The research suggests that families could reduce absenteeism by 24 to 34 % if smoking was eliminated from their households.
According to the study, about one third of children in the United States live with a smoker. Among children aged 3 to 11, at least 56% have detectable levels of a chemical called serum cotinine, an indication of tobacco smoke exposure. Cotinine is a breakdown of nicotine and can be measured by analyzing levels in the blood, urine or saliva. Researchers say this establishes a link between household smoking and two specific respiratory illnesses.
"Kids living with people smoking in the home were more likely to have ear infections and chest colds," Dr. Douglas Levy, the study's principal investigator and Assistant in Health Care Policy at the Mongan Institute for Health Policy said. "Among kids who were living with smokers, a quarter to one-third of the days they missed from school can be attributed to the fact that they live with someone who smokes in the home."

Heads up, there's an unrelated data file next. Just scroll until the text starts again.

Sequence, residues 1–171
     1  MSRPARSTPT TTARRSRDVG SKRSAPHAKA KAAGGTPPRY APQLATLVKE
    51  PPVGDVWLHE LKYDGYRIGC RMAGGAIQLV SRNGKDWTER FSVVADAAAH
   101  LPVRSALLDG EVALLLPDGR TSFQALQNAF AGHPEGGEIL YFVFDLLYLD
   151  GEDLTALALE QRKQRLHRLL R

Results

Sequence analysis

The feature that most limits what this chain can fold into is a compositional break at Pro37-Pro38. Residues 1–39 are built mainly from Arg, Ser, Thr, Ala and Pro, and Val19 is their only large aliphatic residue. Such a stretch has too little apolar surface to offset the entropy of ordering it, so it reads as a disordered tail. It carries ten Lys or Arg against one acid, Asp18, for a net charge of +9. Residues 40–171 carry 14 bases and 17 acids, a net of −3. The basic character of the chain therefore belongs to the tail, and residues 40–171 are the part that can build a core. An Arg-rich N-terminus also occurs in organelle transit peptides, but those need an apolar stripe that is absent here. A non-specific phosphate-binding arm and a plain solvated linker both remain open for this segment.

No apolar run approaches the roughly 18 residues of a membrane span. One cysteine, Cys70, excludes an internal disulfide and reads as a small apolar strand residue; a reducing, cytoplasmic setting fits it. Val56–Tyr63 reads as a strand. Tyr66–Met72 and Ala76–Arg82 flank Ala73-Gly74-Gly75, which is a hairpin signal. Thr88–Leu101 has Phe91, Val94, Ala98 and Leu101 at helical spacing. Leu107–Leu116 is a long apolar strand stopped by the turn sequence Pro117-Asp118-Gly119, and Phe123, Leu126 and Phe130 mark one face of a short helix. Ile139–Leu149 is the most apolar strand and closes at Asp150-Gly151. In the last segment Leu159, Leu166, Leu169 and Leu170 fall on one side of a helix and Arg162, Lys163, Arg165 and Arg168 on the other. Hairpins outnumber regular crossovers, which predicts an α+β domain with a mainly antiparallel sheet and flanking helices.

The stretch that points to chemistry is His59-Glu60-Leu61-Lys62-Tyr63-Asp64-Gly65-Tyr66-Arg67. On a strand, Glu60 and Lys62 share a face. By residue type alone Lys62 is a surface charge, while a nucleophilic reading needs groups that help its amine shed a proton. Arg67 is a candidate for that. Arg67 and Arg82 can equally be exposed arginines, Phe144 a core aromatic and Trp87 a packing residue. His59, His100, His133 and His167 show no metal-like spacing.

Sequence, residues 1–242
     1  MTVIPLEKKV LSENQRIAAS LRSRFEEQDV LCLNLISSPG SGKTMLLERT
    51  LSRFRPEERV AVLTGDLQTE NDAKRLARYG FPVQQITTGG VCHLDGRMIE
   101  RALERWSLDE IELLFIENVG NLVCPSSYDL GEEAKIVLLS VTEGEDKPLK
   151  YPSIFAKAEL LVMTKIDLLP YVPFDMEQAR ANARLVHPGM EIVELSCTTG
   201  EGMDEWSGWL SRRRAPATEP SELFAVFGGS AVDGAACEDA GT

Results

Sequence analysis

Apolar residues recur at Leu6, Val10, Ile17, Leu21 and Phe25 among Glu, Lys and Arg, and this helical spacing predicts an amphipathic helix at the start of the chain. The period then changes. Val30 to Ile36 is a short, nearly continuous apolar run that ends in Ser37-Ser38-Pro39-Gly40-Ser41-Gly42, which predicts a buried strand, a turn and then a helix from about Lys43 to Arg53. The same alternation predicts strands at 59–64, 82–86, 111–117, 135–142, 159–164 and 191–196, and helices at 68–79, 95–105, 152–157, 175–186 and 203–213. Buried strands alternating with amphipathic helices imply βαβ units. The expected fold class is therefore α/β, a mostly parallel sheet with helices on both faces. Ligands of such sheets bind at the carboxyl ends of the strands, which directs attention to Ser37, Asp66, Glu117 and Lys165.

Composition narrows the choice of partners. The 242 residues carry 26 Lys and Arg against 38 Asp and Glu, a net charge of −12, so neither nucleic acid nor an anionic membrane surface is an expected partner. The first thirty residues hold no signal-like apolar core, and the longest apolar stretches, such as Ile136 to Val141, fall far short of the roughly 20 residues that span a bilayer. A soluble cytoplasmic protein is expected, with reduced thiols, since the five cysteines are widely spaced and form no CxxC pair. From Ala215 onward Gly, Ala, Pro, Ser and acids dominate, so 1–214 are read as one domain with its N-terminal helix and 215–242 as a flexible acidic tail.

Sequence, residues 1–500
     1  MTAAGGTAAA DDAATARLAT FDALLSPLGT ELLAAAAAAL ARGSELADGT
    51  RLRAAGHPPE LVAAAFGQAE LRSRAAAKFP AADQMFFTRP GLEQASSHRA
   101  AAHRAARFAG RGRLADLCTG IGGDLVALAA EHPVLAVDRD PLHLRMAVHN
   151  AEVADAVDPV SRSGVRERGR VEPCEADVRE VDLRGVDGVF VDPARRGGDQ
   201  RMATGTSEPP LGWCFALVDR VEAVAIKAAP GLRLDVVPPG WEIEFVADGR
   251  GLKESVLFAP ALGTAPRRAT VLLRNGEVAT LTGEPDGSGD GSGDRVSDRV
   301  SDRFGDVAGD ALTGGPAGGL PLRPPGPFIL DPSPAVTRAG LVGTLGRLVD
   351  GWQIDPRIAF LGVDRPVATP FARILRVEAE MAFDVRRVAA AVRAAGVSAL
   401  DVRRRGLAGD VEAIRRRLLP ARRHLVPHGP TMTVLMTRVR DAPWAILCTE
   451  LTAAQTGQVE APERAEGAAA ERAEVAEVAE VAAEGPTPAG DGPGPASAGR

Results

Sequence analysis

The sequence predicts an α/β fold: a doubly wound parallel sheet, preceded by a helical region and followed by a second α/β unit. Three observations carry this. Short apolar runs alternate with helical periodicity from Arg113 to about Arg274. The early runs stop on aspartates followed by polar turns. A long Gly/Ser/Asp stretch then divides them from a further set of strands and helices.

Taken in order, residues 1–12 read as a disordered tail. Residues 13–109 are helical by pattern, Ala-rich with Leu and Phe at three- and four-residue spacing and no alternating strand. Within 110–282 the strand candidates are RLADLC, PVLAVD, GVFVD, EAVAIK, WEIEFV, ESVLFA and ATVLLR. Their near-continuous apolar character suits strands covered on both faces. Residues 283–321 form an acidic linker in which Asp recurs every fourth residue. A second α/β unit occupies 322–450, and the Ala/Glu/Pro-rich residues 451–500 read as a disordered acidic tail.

Levy also pointed out that second-hand smoke creates a financial burden for parents who must miss work to stay home with sick kids. "When kids are home from school, particularly young kids, the cost overall is $227 million dollars [in lost pay] per year," Levy told CNN.
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